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Lethbridge Herald Newspaper Archives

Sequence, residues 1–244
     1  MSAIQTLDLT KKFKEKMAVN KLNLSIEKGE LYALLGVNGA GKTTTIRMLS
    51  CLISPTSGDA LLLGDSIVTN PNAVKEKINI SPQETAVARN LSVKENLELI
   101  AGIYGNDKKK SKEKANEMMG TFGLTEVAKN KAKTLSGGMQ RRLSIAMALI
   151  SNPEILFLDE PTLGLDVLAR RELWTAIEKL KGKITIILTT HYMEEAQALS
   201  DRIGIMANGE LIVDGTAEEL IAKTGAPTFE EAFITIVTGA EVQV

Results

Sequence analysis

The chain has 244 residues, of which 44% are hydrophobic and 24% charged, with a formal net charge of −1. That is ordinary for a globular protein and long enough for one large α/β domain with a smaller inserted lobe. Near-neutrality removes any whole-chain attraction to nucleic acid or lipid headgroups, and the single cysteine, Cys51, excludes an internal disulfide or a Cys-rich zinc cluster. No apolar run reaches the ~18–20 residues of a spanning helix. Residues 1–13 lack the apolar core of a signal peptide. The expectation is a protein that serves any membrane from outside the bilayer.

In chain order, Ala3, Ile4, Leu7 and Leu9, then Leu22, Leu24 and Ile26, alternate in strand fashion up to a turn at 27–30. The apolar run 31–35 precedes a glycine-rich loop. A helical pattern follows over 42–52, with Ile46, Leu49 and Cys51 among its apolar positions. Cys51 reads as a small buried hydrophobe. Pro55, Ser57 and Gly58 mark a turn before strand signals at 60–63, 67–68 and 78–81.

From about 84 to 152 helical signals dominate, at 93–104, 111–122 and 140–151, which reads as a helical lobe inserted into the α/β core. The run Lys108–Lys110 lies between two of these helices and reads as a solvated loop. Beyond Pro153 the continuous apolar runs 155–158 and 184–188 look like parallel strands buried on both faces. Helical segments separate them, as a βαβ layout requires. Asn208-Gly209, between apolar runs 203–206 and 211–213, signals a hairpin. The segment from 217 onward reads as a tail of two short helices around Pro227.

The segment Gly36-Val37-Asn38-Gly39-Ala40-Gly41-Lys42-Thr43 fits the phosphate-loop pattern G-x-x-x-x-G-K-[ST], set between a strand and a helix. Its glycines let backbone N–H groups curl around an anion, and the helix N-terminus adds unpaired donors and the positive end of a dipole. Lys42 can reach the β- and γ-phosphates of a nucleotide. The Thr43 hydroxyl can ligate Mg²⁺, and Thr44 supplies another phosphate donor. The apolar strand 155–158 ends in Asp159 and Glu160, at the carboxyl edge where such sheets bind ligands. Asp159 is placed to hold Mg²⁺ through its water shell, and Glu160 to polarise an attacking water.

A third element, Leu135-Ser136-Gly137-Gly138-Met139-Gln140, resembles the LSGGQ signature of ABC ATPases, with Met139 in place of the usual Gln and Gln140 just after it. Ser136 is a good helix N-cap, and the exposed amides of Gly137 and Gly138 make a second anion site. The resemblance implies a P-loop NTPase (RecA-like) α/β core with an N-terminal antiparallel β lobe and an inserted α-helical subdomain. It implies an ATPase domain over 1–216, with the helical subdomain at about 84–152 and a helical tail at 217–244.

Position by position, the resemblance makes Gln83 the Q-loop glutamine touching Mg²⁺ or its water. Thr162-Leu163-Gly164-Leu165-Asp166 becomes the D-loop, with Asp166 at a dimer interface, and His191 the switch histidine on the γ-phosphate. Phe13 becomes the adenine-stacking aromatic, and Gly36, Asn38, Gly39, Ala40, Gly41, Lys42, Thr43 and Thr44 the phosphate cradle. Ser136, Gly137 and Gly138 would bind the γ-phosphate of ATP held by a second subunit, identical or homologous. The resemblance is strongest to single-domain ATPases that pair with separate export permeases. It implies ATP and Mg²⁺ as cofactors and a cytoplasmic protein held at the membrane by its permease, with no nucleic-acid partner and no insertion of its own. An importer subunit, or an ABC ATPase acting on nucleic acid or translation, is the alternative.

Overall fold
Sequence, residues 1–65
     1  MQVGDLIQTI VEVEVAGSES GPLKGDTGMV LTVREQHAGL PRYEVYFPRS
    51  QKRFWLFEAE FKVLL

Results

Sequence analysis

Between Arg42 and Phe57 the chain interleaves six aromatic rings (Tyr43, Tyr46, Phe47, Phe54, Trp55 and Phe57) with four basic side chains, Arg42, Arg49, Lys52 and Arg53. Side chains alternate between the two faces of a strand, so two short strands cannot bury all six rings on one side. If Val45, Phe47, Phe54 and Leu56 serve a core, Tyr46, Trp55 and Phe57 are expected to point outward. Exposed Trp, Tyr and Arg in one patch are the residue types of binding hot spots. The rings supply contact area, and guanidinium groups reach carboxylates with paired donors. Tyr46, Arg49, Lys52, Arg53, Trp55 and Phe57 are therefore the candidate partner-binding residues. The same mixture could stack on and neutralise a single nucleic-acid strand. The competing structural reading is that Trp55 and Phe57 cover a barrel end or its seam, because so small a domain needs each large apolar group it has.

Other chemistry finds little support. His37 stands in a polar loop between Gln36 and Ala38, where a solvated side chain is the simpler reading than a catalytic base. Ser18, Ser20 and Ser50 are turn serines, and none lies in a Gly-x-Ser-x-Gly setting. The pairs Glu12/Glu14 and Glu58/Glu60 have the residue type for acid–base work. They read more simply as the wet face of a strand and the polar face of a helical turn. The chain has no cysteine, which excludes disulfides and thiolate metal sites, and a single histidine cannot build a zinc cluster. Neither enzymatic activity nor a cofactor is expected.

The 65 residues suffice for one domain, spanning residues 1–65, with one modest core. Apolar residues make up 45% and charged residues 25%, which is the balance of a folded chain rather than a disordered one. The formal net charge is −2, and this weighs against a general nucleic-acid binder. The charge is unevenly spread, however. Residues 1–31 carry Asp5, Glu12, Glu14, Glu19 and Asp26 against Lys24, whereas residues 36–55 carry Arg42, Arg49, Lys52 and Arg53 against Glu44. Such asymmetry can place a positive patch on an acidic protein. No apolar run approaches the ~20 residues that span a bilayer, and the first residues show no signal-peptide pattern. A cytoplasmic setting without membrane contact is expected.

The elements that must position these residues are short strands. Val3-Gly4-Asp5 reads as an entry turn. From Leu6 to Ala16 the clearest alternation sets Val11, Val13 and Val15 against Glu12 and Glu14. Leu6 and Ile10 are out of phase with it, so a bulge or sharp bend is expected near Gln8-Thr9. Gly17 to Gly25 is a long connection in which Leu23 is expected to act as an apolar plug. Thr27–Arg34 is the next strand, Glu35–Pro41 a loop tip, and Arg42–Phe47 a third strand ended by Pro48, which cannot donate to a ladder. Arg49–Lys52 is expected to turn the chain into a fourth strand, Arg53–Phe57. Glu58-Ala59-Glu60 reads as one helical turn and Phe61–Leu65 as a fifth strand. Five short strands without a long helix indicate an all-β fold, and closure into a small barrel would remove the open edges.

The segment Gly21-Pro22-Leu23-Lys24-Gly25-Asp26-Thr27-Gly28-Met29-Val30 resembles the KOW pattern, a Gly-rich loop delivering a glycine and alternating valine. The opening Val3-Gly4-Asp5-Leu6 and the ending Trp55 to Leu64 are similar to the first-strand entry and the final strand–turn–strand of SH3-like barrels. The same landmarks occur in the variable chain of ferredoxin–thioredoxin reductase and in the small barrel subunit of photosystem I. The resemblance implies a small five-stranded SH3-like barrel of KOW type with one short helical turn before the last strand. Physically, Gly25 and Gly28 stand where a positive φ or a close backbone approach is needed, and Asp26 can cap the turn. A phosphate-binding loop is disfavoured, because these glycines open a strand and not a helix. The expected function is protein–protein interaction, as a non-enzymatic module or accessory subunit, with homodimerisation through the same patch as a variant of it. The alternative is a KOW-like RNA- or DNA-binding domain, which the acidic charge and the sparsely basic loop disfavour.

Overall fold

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Lethbridge Herald, The (Newspaper) - April 5, 1974, Lethbridge, Alberta I More autos taking low road west bmu txtmtitHTuiui I i A Icelandic treasure detail from 12th century saga manuscript Bits of calfskin keep Iceland's ancient sagas By VICTORIA JENKINS COX Christian Science Monitor REYKJAVIK, Iceland The return of a few calfskins, bits ot parchment, and some photostats caused national celebrations in Iceland last summer. The Fischer Spassky chess match, the cod war, and even Heidelberg seeking namesakes HEIDELBERG Heidelberg. Germany is looking for its namesakes. The city's tourist officials know of some 25 villages and towns in otlici countries named Heidelberg, but they believe the number of inns and restaurants bearing the name compose a longer list To track down as many of them as possible the tourist office is offering an engraving of a view of the citv in 1620 to individuals who send in the name and address of an inn or restaurant bearing the name of Heidelberg, and the owner's name The inns and restaurants will come out winners, too Heidelberg officials will send each place named old engravings, photographs, beer mugs, records with song of the citv and menus and 'German'recipes Entries should.be sent to Verkehrsverem Heidelberg, 6900 Heidelberg. West Germany P O Box 1755 The earliest postmark determines the winner in the event more than fine person names tne same place the magnificent midnight sun faded out of focus when the old manuscripts were handed over by the Danish government. The sagas, the priceless Icelandic sagas, returned to their homeland. The sum and substance of early Icelandic literature, culture, and history came home at last. Stones about Eric the Red, his son Leif the Lucky, the discovery of America, Njal the outlaw, artf the Icelandic settlement have been the stuff Icelanders learned to talk by tor centuries But their manuscripts have been exiled in Denmark for over 300 years. The manuscripts' ownership had been the subject of a legal and diplomatic battle between the two Scandinavian countries for nearly three decades. The sagas when Denmark's red-and-white flag flew over the island, and ties between the two countries seemed permanent Icelanders were loyal subjects of their long distance king; Copenhagen was their social and cultural capital. So it seemed logical to the farmers and peasants of Iceland who owned the sagas to agree when Ami Magnusson, a Dane and manuscript collector, offered to buy the manuscripts and take them to Copenhagen for safekeeping The purchase in the 1700's saved many saga calfskins from use as shoe leather and parchment fragments from becoming kindling during the harsh- winters in Iceland. But it also doomed most of the manuscripts to destruction years later No one knows why Magnusson failed to move his "THE BRITISH SPIRIT OF I LONDON CRUISE LINE" to... Alaska This summer experience the magnificent scenery of Alaska and Canada on the newest cruise ship sailing all-First Class Spirit of London, registered in Britain She leaves Vancouver on eight-day from June through September Exploring the mag- nificent ice Cape of Glacier Bay and calling at juneau, KetchiKan, Skagway Names and Sitka with lares from just DEPARTURE'S FROM VANCOUVER On June 3, 11, July 3, 13, 21, 29 August 6, 14, 22, 30 September 7, 75, 23 For further information and reservations contact. A.MJL WORLD TRAWL SERVICE S6M Sth Ave. S. PhOMttS.7921 ij AnpM frM pMlclftQ M nwc ot BMMlnf priceless collection when the great fire of 1728 swept Copenhagen. The flames were literally at his doorstep when students rushed some of the collection out; most of the or so Iceland papers were lost Scholars everywhere regretted the destruction. The Icelandic poems and sagas had shed valuable insights into the world of the saga writers the development, explorations, and cultures of the countries in the Nordic world Danes, as much as anyone, mourned the loss and cherished all the more the remaining manuscripts. But for the Icelanders, the charred ashes from the fire were a personal hurt Beyond the world significance of recording the lives of Nordic leaders, the Icelandic sagas told of the island's struggle to survive from the I0th to the 13th centuries the settlers contending with volcanoes, molten lava, boiling sulfur pits, and the fierce winter storms. The sagas chronicled the Icelanders as they established the first villages, scaled mountains, searched for food, and grappled with the affairs of man. The fire destroyed more than a history of kings, it burned the whole history, literature, and cultural beginnings of a nation The surviving saga manuscripts became precious beyond price. For the Icelanders, they became a matter of national pride A high priority of the Icelandic government was to recover the manuscripts, especially after it declared itself independent of Denmark and established a republic in 1944 Beyond the wool exportation and the preservation of herring spawning banks, the return of the sagas became the crusade of every Icelander But the Danes recognized the world value of the saga fragments and took Iceland to court. For 28 years the Danish government argued it could not return to another nation what was the private property of the Ami Magnusson Institute. The diplomatic tug- of-war for the manuscripts intensified as the case rose higher in the Danish legal system. Then in 1971, as a gesture of goodwill while its supreme court pondered its decision, Denmark gave back two saga manuscripts that had been gifts to King Frederick III. The "Flateyjarbok" and the "Codex containing royal sagas and stones about Olaf Tryggvason, were brought to Iceland in a Danish flagship. At Reykjavik, the manuscripts were given to Icelandic officials. And there they were put in their new home, the Manuscript Institute. Later the Danish high court ruled in favor of Iceland's claim. Those poems and sagas which center on Iceland were separated and returned. Other Norse sagas remaining permanently in Denmark were photostated for Icelandic scholars' research. EDMONTON (CP) Loot ifiortd by all leveU of fovenmMt, Ydiowhttri Highway aeroM the norttwn west hat IB recent developed into a real alternative to the Trans- Canada for motorists seeking a change of scene. From its leaping-off place near Portage la Prairie, Man., to British Columbia where the highway branches off Into western and southern legs, the Yellowhead today serves a larger population living on or near the route than does the Trans-Canada. And although the southern route is more popular for tourists, the gap is narrowing, says Ted Sample, executive director of the Yellowhead Interprovincial Highway Association. Mr. Sample can afford to look back on 1973 with considerable satisfaction. Following years of prodding by his association, the federal government finally gave the Yellowhead and Trans- Canada equal prominence in markings on its official highway maps, and the highway now is being marked on official provincial maps in the four western provinces. In addition, 1973 was the year, following a brief presented to Prime Minister Trudeau at the Western Economic Opportunities Conference in Calgary, that Ottawa announced a major upgrading program for the Yellowhead, to bring it up to Trans-Canada standards. The program, to be undertaken in co-operati-on with the departments of highways in the four provinces, is expected to get under way this year. Already recognized by tourists and commercial truckers because of its gentle grades through the Yellowhead Pass and its numerous passing lanes, the highway improvement is expected to add new glitter to the route'through a program of road straightening and widening where required. SHORTCUT PLANNED Some of the continuing problems involving the portion of the highway between Prince George and Prince Rupert are to be discussed with British Columbia officials during the next few weeks, said Mr. Sample. At that time, the association will also recommend the extension of Yellowhead Highway 5 in B.C. through the Coquihalla Pass between Memtt and Hope, shortening the Vancouver-to-Edmonton trtoby Unite. The proapact of an active part of the Yellowhead HUnray has fired the unagfiattoa of the community of Merritt that It has applied for and been granted special memberabip status in the association. The northeast B.C. community of Dawson Creek, although not on the route, also is an associated member with a special assessment of three cents per capita, half that paid by the association's 51 regular member cities, towns and villages. Dawson Creek's application was made in recognition of the work being done by the association to publicize the town's position as Mile Zero of the Alaska Highway, reached off the Yellowhead via Alberta Highway 43. The Association, formed in 1968 by northern communities in Manitoba, Saskatchewan, Alberta and British Columbia, isx proud of the size and influence of major cities along the route, and, of the many national, provincial and regional parks located nearby. The largest city, at population, is Edmonton, site of the association's head office. But equal attention is paid to the smallest Sask., which recently paid its full 1974 assessment of for 30 people. The traveller will see some of the loneliest scenery in the country, particularly on the prairies, and will travel through remote B.C. mountain passes. SERVES MORE PEOPLE The Yellowhead serves a greater concentration of people than the more heavily- travelled Trans-Canada Highway. With the inclusion of Winnipeg and Vancouver in each total, since both routes affect both cities, latest population estimates of urban and rural residents are along the Yellowhead and on or near the Trans-Canada It is these population concentrations, together with the need to serve the northern port of Prince Rupert, that have led the Yellowhead Association to adopt "The Trade Route of the Future in Western Canada" as one of its slogans. Another is "Canada's Happiness coined to describe the road in brief terms for tourists, trailer-buff 1 and picture-taker travelling along this scenic route. s The Alternate Route Hotel business proves attractive to airlines LOS ANGELES (AP) Some airlines make more money housing people than living them. In recent years, airlines have jumped into the hotel business on a big scale and more expansion is ahead. Pointing up the trend is American Airlines' opening in March ot the 400-room Ameri- can Hotel near Los Angeles International Airport. It will be American's 21st hotel in a chain stretching from Seoul, South Korea, to San Juan, Puerto Rico. In the United States, Ameri- can Airlines hotels include the Americana in New York, the Shoreham in Washington and the Bal Harbour Americana in Miami Beach The airline-hotel business should grow because inter- national travel it developing said James K Ileimbaugh, president of Americana Hotels Pan American World Air- ways pioneered the airlines' entrance into hotel operations to provide the modern accom- modations tor Us customers in i emote places Other international airlines lollowed suit, then all moved to operate hotels in citifc> -The Herald Tra vel Alberta's constructing two theatres for Expo '74 along U S routes. Hilton International, ac- quired bv TWA in 1967, oper- ates 59 hotels in 39 countries and has several under con- struction. Pan Am's Intercontinental Hotels Corp is the biggest of the airline-hotel operations with 79 hotels, including units in Amsterdam, Berlin. Hel- sinki. London, Munich and Pans It has seven m Africa and 18 in Latin America and plans to open two in Hawaii (his vear Pan Am s practice is to build hotels in conjunction with local governmental or fi- nancial interests. SERVES 11 COUNTRIES United Air Lines' Western International Hotels sub- sidiarv operates 49 hotels in 11 countries They include the Century Plaza in Los Angeles, the St Francis in San Fran- cisco the Continental Plaza in Chicago and the Crown Cen- ter in Kansas City Kastern Air Lines runs the Cuiioma and Dorado Beach hotels in Puerto Rico. Our plan is not to expand lust to be growing but to pro- vide the best hotel operations in areas throughout the world which American serves. said lU'imbaugh. Hcimbaugh is a 35-vear vet- eran ol the hotel business. He was executive vice-president nl Loews Corp a major hotel operator and has been con- nected with Hilton Hotels ?nrl Chicago s lamed Palmer IlllUSt1 Heimbdugh said he envis- ages "acceptance of a greater standard ol quality from us in international travel than Irom independent hotel operators Countries that are inteiested in tourism and ilevelopment will seek out airlines to work with them in their hotels SPOKANE, Wash. Alberta will construct an outdoor theatre partially enclosed by a man-made hill Expo music will play for years SPOKANE Spokanites will hear World's Fair music for many years to come. They'll be listening'to a carillon playing from the top of the Grea't Northern Clock Tower, thanks to an anonymous donor. The automated carillon will have a repertoire of some 30 tunes, and it will have a keyboard added for improvisation. with a small indoor theatre inside the hill, on Canada Island. The outdoor theatre will be used to feature Alberta, Canadian and an overflow of American performers and The indoor theatre will be used to show films in keeping with the Expo '74 theme. The Expo theme is "Celebrating Tomorrow's Fresh, New and says King F. Cole, president of the Expo '74 Corporation, "we want the exhibits to be environmental in Frank Calder, project manager of the Alberta exhibit for the public affairs bureau, is working with such departments as lands and forests, environment, and culture, youth and recreation as well as with Travel Alberta to arrange for films to suit the theme The Alberta project will be completed in time for the May 4 opening ceremonies. It will be attended by four Alberta girls who will act as hostesses for the six-month duration of the world fair. At this time, only the chief hostess has been selected and she is Gail Greenwood, of the citizens1 inquiry service of the public affairs bureau. Gail will travel to Spokane a month before the opening of Expo to become completely familiar with the situation. Said Mr. Calder, "The Expo '74 committee has been deluged by applications from American performers and groups and we plan to make our facility available to the overflow from other theatres Passport Photos Candid Weddingt Picture Framing Photo Suppliet A. E. CROSS STUDIO Phone 328-0111 7103rdAve.S. Phone 328-0222 THE FINEST RETIREMENT AND RECREATIONAL COMMUNITY Blind Bay, miles east of Kamloops on Trans Canada Please mail me a free brochure. NAME ADDRESS PHONE r. LH Government eyes Canada travel plan OTTAWA (CP) Languages commissioner Keith Spicer nas proposed a government-subsidized travel plan to help Cana- dians to know their country and each other better. Under the plan, part of his third annual report to Parliament last week, airlines, railways and bus lines would be subsidized to enable them to offer discount rates to vacationers year- round "To promote long-distance travel most likely to mingle the two language groups, CN, Air Canada, CP Rail, CP Air and private bus lines might for example allow a 50-per-cent dis- count on distances of at least miles and 75 per cent on distances over he says. Adjustments that would provide the biggest discount during slack periods would help eliminate losses that occur when planes or buses travel with only a few passengers. "First, it could lead to a vastly better understanding among Canadians of both language groups who, even if they did not learn to love each other, could at least learn to distrust each other more he says. It would also help Canada's balance of payments if Canadians spent some of their tourist dollars at 1973, Canadian travellers spent about billion abroad. And finally, he says, travel companies and their employees would benefit by the 12-month travel business that would eliminate slack-period layoffs, and Energy Minister Donald Macdonald "might sleep better and dream of gargantuan sav- ings of oil through use of public, instead of motor car, transport. utstanding whisky Canadian age. Taste our example. V. MI HERITAGE Introducing HERITAGE Distilled and bottled in Canada ;